This is what some people call a fractured fairy tale, I call it a morally ambiguous fairy tale.  The characters may seem familiar, but things are not as they seem, thanks to a twist near the end of the film.  These characters may end up happy or not, but their lives are far from perfect after the twist.  If there is happiness to be had, these characters will have to work for it.  If there is a theme it is about child rearing, how to be a good and consistent parent.  It’s an interesting take on these well-known Grimm fairy tales. The music enhances the story, makes it livelier in some circumstances provides exposition.  If there is an issue with this movie, there are too many characters, and some of the characters have very little development.

The acting is generally good, with Meryl Streep giving a standout performance, with Emily Blunt giving a complex, multi-layered performance.  The younger actors, Daniel Huttleston  and Lilla Crawford also give strong performance,  Chris Pine tries very hard, but neither his voice or acting seems up to the task. Johnny Depp has a great cameo as the wolf.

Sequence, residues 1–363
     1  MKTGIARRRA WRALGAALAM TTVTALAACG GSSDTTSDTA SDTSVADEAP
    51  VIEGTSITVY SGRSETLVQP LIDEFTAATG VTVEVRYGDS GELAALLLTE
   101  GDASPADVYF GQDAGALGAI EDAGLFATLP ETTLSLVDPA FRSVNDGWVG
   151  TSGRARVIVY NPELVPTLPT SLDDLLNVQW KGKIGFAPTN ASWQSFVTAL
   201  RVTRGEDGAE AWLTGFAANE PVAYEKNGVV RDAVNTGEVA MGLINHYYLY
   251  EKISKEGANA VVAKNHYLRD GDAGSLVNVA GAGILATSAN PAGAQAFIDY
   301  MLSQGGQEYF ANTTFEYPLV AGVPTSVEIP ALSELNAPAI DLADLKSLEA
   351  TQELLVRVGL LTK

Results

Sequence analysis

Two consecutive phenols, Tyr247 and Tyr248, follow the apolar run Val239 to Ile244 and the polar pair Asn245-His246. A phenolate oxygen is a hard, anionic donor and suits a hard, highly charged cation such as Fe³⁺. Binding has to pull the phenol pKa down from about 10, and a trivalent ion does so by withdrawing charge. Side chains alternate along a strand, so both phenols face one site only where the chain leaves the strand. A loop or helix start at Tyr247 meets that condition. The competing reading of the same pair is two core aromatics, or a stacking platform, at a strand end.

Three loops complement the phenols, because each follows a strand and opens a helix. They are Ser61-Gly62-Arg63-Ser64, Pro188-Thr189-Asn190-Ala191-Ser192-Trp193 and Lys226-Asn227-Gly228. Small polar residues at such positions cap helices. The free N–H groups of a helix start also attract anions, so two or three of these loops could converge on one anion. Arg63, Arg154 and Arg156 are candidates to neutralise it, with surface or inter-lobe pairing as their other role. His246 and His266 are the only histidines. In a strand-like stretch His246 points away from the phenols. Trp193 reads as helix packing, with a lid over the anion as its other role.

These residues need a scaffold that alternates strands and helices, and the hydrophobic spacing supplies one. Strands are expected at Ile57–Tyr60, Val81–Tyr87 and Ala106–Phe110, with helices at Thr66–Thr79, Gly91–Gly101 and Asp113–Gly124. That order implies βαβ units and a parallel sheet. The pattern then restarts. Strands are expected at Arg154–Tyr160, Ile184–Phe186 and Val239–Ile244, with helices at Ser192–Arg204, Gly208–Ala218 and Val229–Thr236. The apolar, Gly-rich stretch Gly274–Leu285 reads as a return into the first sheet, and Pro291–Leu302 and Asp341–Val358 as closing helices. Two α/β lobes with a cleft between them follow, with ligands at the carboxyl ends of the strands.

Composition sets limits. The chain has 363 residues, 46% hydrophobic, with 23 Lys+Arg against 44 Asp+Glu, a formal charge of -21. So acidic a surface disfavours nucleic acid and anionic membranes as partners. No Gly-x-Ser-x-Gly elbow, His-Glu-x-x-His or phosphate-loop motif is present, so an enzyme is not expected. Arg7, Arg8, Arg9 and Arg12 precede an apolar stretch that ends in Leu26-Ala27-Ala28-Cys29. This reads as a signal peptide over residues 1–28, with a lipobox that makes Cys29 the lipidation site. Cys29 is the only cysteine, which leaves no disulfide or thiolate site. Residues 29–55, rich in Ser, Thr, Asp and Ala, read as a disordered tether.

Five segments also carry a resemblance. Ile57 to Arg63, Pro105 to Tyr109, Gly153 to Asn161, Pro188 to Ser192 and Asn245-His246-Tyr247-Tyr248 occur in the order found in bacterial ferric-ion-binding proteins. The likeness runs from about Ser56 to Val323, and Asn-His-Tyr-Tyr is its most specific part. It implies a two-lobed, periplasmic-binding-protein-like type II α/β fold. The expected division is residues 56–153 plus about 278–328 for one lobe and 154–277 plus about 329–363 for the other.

The direction gives this story the proper eerie feel, the pacing is good and the songs are well-staged. The kids will enjoy the songs, they might not understand the subtleties of the movie, but they will enjoy the fairy tale aspect of the movie.

Into the Woods:  A Knotty Tale.